Winston had friends of all races, she knew, but she had no idea he had so many white friends […] It was one thing to be in the same class with them, work for them, smile at them on the bus; it was a whole other thing to laugh and chat with them for hours, making sure she enunciated every word so they wouldn't say her accent was too difficult to understand. No way could she spend time with a white woman and be herself the way she was with Betty or Fatou […] And the people in the bar […] they were mostly associates at the firm where Winston worked, so she had to be careful not to embarrass him. Nothing shamed her more than black people embarrassing themselves in front of white people by behaving the way white people expect them to behave.
She was noticing something for the first time […] On both sides of the street […] she saw people walking with their kind: a white man holding hands with a white woman; a black teenager giggling with other black (or Latino) teenagers; a white mother pushing a stroller alongside another white mother; a black woman chatting with a black woman […] Even in New York City […] men and women, young and old, rich and poor, preferred their kind when it came to those they kept closest. And why shouldn't they? It was far easier to do so than to spend one’s limited energy trying to blend into a world one was never meant to be a part of […] She had her world in Harlem and never again would she try to wriggle her way into a world in midtown, not even for just an hour.
In his first days in America, it was here he came every night to take in the city. It was here he often sat to call her when he got so lonely and homesick that the only balm that worked was the sound of her voice. During those calls, he would ask her how Liomi was doing, what she was wearing, what her plans for the weekend were, and she would tell him everything, leaving him even more wistful for the beauty of her smile, the hearth in his mother’s kitchen, the light breeze at Down Beach, the tightness of Liomi's hug, the coarse jokes and laughter of his friends as they drank Guinness at a drinking spot; leaving him craving everything he wished he hadn’t left behind. During those times, he told her, he often wondered if leaving home in search of something as fleeting as fortune was ever worthwhile.
“Everything’s going to be all right, Cindy […] Sean has to constantly remind me, too. He says I have to stop checking our portfolios twenty times a day, but I can't help it. I woke up every morning in Florence panicking about losing everything [....]”
Cindy did not immediately respond; she seemed lost in a maze of a hundred thoughts. “I wish I had Sean's calmness,” she finally said. “Nothing ever seems to unravel him.”
“Yeah, but you won’t believe what he suggested to me yesterday,” Cheri said […]
“He thinks maybe we should get rid of Rosa for a few months, to save” […]
“Yeah, that's exactly what we need now, right?” Cindy said. “To be cooking and cleaning and doing laundry while we're losing money and sleep […]”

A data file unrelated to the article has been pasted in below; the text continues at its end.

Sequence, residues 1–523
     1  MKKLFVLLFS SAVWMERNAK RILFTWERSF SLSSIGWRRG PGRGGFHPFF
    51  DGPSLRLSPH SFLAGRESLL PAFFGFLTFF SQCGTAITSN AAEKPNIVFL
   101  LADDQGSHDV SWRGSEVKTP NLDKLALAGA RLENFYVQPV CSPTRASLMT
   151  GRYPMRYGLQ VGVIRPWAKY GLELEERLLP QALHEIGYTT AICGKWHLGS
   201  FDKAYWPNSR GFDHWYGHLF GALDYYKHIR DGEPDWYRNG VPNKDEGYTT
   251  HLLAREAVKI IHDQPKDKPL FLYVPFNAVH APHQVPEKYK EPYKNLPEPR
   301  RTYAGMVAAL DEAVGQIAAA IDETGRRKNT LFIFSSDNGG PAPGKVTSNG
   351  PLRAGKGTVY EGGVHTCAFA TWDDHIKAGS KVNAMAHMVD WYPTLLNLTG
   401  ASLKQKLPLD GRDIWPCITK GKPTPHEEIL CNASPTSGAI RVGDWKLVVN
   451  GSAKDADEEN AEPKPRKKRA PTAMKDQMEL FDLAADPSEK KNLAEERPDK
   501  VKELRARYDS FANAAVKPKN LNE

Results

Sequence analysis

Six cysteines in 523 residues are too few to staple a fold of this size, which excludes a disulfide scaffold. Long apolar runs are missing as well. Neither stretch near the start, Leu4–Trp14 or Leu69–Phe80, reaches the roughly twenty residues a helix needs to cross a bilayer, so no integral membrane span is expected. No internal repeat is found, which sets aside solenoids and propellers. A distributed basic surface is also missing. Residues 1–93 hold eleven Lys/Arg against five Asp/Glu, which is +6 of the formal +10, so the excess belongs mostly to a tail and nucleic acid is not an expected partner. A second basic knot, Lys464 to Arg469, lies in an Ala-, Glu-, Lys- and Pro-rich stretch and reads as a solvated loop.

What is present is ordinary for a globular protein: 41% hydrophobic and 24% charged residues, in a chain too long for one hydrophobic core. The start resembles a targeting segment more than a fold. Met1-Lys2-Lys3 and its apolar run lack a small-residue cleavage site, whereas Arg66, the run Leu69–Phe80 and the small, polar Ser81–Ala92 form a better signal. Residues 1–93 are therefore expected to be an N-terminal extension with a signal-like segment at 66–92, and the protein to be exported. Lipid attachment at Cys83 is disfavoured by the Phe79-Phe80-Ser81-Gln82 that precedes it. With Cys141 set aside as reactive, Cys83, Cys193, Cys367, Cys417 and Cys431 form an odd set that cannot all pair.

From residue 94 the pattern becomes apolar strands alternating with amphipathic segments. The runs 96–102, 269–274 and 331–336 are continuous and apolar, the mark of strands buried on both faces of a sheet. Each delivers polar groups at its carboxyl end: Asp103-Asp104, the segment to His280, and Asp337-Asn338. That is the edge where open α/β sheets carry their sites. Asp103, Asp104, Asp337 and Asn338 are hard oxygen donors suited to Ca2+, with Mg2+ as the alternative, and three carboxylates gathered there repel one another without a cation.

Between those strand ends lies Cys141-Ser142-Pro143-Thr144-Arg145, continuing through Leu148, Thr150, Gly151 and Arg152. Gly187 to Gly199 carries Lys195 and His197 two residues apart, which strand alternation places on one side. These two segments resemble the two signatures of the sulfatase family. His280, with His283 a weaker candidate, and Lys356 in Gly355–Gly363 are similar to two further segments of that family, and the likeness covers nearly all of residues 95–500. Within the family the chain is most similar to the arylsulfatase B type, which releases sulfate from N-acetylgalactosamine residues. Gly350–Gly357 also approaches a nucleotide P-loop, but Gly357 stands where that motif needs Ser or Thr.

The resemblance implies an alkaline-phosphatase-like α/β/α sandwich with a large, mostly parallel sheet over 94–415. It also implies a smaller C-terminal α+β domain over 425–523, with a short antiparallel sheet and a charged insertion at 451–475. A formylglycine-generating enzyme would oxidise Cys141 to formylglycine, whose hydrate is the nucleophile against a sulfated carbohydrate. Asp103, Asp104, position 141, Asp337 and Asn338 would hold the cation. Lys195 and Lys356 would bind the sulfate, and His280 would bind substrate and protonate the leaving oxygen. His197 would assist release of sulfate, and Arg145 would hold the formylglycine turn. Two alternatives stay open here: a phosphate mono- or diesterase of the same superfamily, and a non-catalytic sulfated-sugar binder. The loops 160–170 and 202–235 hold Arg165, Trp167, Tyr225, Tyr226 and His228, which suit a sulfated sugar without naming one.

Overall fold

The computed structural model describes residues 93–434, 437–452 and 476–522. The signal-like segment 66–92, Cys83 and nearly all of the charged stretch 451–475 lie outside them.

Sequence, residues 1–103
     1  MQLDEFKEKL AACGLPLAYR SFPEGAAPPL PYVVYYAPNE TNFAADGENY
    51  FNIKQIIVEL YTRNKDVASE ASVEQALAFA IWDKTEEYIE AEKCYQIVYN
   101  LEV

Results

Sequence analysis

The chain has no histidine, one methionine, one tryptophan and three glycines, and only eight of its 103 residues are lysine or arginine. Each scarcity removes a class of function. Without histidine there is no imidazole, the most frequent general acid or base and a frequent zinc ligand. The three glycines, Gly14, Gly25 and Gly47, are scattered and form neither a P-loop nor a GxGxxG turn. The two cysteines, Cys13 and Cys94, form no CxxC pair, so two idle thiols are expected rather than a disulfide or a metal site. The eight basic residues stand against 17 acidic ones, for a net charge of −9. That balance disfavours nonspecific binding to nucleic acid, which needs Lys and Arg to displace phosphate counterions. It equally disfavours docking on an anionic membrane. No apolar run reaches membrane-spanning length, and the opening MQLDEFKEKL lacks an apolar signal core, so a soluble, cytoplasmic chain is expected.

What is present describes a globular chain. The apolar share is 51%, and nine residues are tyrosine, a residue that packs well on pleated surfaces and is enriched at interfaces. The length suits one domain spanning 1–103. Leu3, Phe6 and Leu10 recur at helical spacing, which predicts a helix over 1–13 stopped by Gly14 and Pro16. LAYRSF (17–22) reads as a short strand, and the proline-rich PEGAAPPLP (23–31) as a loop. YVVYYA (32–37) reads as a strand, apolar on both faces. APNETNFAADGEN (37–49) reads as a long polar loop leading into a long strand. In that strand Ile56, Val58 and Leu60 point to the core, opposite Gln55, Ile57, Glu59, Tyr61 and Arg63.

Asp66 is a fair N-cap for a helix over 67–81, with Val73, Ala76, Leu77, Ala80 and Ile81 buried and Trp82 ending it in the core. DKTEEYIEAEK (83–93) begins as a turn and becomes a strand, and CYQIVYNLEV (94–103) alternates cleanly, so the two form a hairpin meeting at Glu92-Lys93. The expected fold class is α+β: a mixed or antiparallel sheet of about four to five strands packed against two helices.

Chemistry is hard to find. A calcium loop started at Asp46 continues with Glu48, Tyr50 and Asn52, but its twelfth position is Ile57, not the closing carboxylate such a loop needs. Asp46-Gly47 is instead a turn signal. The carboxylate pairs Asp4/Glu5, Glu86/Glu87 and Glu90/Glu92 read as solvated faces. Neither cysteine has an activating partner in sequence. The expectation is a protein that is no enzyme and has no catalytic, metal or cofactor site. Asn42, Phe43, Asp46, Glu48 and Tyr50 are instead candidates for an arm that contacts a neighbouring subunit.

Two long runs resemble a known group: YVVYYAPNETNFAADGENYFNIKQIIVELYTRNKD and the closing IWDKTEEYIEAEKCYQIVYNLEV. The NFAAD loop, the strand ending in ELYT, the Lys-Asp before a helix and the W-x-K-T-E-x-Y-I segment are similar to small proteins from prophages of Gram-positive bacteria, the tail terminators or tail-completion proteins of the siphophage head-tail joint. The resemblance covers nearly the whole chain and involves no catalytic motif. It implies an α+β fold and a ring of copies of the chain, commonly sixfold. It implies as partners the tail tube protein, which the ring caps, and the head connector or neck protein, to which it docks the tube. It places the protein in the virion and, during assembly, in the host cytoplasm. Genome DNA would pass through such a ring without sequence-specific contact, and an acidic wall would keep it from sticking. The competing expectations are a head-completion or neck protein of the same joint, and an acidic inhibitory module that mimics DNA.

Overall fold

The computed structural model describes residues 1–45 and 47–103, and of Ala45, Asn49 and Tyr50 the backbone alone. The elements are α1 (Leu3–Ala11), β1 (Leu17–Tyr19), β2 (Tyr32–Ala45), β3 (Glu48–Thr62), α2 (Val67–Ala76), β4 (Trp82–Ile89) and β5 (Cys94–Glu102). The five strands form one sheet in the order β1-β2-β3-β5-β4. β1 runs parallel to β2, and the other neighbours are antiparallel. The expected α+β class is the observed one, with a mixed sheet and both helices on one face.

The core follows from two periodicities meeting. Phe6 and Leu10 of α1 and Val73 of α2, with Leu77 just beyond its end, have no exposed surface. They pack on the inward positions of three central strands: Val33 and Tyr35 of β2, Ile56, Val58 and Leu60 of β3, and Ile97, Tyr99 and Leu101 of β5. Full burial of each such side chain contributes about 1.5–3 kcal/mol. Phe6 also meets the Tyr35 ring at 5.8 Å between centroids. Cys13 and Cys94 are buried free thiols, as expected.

“But it’s scary how bad this could get,” Cheri said, her tone turning serious as their laughter ebbed. “When people start talking about flying coach and selling vacation homes…”
“In America today, having documents is not enough. Look at how many people with papers are struggling. Look at how even some Americans are suffering. They were born in this country. They have American passports, and yet they are sleeping on the street, going to bed hungry, losing their jobs and houses every day in this…this economic crisis.”
“You should have been with me last week when I saw this man who used to drive another executive at Lehman Brothers. We used to sit together outside the building sometimes; he was a fresh round man. I saw him downtown: The man looked like he had his last good meal a year ago. He has not been able to find another job. He says too many people want to be chauffeurs now […] Everyone is losing jobs everywhere and looking for new jobs, anything to pay bills. So you tell me—if he, an American, a white man with papers, cannot get a new chauffeur job then what about me? They say the country will get better, but you know what? I don’t know if I can stay here until that happens. I don’t know if I can continue suffering like this just because I want to live in America.”
By her late twenties, all she could think about was America […] The African-Americans she saw on TV in Cameroon were happy and successful, well-educated and respectable, and she'd come to believe that if they could flourish in America, surely she could, too […] Even after she'd seen the movies Boyz n the Hood and Do the Right Thing, she couldn’t be swayed or convinced that the kind of black life depicted represented anything but a very small percentage of black life, just like Americans probably understood that the images they saw of war and starvation in Africa were but a very small percentage of African life […] Every picture she'd seen of Cameroonians in America was a portrait of bliss: children laughing in snow; couples smiling at a mall; families posing in front of a nice house with a nice car nearby. America, to her, was synonymous with happiness.
Later, as she stood in front of the mirror staring at her face before applying her exfoliating mask, she promised herself she would fight Jende till the end. She had to. It wasn’t only that she loved New York City […] It wasn’t just because she was hopeful that she would one day become a pharmacist […] It was hardly only about […] things she could never find in her hometown, things like horse-drawn carriages on city streets, and gigantic lighted Christmas trees in squares and plazas, and pretty parks where musicians played for free beside polychromatic foliage […] It was mostly for what her children would be deprived of […] It was for the boundless opportunities they would be denied […] She was going to fight for her children, and for herself, because no one journeyed far away from home to return without a fortune amassed or dream achieved.
When he had told her of his plan to return home, she had wondered why he was coming back when others were running out of Limbe, when many in his age group were fleeing to Bahrain and Qatar, or trekking and taking a succession of crowded buses to get from Cameroon to Libya so they could cross to Italy on leaky boats and arrive there with dreams of a happier life if the Mediterranean didn’t swallow them alive.